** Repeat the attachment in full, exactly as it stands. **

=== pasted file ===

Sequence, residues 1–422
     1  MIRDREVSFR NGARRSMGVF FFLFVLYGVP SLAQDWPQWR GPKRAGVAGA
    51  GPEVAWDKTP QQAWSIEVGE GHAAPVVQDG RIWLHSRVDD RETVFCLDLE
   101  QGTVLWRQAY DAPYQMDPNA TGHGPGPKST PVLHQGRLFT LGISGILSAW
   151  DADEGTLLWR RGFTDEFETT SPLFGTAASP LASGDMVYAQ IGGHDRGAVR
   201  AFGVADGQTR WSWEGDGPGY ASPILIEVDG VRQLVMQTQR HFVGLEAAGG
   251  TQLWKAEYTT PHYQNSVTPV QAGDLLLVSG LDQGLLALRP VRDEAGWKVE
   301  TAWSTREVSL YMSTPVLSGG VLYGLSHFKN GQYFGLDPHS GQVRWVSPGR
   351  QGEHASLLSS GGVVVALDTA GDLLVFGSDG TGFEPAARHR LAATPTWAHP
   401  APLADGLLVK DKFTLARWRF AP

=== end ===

Sequence, residues 1–422
     1  MIRDREVSFR NGARRSMGVF FFLFVLYGVP SLAQDWPQWR GPKRAGVAGA
    51  GPEVAWDKTP QQAWSIEVGE GHAAPVVQDG RIWLHSRVDD RETVFCLDLE
   101  QGTVLWRQAY DAPYQMDPNA TGHGPGPKST PVLHQGRLFT LGISGILSAW
   151  DADEGTLLWR RGFTDEFETT SPLFGTAASP LASGDMVYAQ IGGHDRGAVR
   201  AFGVADGQTR WSWEGDGPGY ASPILIEVDG VRQLVMQTQR HFVGLEAAGG
   251  TQLWKAEYTT PHYQNSVTPV QAGDLLLVSG LDQGLLALRP VRDEAGWKVE
   301  TAWSTREVSL YMSTPVLSGG VLYGLSHFKN GQYFGLDPHS GQVRWVSPGR
   351  QGEHASLLSS GGVVVALDTA GDLLVFGSDG TGFEPAARHR LAATPTWAHP
   401  APLADGLLVK DKFTLARWRF AP